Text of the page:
Consider for a moment the talents you possess.
You may be skilled at playing the piano. Maybe you’re a talented dancer. My father excelled at working with teens. My father-in-law knows more about computers than anyone I know. Both of them made careers doing work they enjoyed and were talented at.
How much time each day do you spend practicing your most valuable talents?
I’ve been watching the World Cup over the past few weeks. Soccer is not a sport I follow on a regular basis, and I’ve enjoyed listening to the back stories of the players. Teams like England, Brazil, Spain and Argentina are filled with some of the best athletes in the world.
There’s no doubt players like Messi, Ronaldo, and Kaka were born with athletic talent. But each of them spent their youth living and breathing soccer. When they weren’t eating or sleeping they were out in the streets or fields kicking the ball around. They’ve spent the majority of their lives perfecting their talents through many hours of practice.
I recently read a book by Stephen King called On Writing. One theme that came through loud and clear was how much work he put in before he become successful. Many people have asked for his advice on becoming a successful writer. As if all one must do is swallow a magic pill. His reply is blunt:
Read and write four to six hours a day. If you cannot find the time for that, you can’t expect to become a good writer.
Bill Simmons is a writer for ESPN. He is my favorite writer, and the one who has influenced me the most. On one of his podcasts he mentioned how much his writing suffers if he doesn’t put in at least four to six hours a day. And this from a guy who has written thousands of columns and several books. Try reading this piece he wrote about his dog without shedding a tear.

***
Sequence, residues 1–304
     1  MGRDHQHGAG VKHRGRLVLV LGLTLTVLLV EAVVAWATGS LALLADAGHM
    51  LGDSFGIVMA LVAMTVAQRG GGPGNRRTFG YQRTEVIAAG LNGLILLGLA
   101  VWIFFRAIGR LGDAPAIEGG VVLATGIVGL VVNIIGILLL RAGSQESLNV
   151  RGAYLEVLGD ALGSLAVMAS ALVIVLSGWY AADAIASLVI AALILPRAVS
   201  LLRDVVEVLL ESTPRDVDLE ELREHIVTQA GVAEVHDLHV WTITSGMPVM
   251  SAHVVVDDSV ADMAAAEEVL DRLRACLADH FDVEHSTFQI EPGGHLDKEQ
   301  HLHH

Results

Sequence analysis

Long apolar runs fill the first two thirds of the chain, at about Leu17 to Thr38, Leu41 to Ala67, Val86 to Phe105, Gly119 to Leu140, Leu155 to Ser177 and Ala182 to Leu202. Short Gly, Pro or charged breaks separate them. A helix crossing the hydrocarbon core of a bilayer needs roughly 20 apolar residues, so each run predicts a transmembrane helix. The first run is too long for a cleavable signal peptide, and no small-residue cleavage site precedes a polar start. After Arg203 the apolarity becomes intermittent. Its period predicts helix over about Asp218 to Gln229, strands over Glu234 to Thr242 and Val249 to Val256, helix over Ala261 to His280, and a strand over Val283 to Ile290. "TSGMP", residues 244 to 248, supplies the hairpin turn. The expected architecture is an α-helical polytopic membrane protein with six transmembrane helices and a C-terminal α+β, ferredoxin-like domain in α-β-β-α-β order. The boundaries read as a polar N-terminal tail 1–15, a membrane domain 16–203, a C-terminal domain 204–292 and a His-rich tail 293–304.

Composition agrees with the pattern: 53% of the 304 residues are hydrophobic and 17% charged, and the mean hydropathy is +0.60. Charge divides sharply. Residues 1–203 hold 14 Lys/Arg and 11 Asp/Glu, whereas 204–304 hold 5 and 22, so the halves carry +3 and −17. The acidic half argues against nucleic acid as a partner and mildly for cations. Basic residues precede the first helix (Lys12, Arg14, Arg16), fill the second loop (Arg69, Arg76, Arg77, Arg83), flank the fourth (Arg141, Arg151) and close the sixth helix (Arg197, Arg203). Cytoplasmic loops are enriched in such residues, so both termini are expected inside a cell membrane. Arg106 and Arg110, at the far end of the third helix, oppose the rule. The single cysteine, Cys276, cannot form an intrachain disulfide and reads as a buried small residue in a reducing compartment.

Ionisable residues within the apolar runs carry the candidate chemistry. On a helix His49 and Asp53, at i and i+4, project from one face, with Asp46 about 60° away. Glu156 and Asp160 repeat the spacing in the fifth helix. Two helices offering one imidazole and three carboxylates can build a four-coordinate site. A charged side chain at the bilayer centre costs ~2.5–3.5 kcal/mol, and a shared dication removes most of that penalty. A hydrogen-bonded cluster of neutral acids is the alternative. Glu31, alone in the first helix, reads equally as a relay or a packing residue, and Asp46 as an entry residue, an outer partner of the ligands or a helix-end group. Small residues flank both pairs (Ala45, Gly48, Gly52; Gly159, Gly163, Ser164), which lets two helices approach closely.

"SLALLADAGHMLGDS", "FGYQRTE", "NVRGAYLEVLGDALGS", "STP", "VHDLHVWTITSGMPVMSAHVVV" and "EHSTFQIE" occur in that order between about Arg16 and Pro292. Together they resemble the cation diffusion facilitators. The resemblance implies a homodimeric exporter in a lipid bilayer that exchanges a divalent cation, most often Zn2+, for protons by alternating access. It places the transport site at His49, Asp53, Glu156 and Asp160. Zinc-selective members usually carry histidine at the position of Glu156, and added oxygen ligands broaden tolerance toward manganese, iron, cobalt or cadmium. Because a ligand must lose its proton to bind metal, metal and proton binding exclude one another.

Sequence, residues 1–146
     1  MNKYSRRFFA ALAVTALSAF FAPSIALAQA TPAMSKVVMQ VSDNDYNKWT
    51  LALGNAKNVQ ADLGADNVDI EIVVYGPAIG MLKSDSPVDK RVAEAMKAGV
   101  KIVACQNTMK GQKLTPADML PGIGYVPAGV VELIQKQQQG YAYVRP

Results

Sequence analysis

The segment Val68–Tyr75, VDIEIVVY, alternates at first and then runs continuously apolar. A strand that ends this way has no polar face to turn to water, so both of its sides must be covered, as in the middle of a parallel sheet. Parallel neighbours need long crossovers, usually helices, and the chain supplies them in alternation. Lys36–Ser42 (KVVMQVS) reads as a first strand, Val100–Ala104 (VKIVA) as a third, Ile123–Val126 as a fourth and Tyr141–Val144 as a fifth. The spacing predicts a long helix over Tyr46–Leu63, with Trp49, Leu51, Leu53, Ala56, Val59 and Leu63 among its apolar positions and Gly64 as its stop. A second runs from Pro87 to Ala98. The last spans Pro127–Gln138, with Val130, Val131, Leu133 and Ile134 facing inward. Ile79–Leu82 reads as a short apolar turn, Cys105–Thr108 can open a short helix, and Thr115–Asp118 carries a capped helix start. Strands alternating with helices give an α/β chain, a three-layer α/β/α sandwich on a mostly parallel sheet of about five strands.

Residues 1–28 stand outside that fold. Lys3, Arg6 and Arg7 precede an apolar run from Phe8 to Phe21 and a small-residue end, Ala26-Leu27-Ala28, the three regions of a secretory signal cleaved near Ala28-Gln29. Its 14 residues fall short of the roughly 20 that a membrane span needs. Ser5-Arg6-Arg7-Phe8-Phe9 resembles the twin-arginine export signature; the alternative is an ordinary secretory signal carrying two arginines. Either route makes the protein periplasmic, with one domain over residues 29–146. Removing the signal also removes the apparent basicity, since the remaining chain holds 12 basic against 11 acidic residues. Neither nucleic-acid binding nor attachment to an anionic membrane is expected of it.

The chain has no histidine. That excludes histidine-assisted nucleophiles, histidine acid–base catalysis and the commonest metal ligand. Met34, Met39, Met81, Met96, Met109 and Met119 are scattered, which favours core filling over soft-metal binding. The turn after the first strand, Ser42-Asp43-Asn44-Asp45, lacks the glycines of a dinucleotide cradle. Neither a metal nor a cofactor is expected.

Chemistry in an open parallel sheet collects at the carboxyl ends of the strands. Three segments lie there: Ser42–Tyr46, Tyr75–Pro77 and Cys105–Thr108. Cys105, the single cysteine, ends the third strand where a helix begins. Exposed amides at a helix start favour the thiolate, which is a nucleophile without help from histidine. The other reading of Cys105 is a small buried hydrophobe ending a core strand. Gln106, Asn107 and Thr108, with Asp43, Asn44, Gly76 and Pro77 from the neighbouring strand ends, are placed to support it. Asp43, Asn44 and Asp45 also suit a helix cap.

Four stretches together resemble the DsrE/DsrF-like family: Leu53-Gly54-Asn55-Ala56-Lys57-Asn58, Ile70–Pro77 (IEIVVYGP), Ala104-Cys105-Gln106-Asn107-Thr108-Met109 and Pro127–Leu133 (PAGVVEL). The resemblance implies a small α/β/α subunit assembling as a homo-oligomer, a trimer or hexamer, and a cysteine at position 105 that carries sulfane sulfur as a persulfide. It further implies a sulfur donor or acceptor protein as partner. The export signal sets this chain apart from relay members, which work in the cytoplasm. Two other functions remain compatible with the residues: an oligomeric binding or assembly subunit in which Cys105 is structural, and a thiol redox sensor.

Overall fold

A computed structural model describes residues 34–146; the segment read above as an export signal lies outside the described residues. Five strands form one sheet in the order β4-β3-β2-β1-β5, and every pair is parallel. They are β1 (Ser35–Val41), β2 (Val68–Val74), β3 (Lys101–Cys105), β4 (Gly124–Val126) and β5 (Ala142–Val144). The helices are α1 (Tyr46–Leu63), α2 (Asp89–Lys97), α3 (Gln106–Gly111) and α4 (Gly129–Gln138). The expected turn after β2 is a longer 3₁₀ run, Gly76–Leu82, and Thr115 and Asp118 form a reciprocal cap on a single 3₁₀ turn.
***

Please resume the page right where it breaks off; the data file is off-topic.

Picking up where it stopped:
I’m reminded of a book I read last year from Malcolm Gladwell called Outliers. Gladwell posits the “10,000 Hour Rule” which suggests success is based less on talent but more in putting in the hours, specially 10,000 of them. That’s 20 hours a week for 10 years.
He cites a number of examples including the Beatles who perfected their craft by playing hundreds of shows in Germany before hitting it big in the states. Or the many hours Bill Gates spent programming on an ASR-33 Teletype as a young boy.
Both the Beatles and Gates were talented. But all those hours of practice along with excellent timing allowed them to rise to the top in their fields.
I certainly haven’t spent even close to 10,000 hours writing. I’m still working to get to 20 hours a week. I’m currently at half that but moving in the right direction.
I wish I’d started earlier.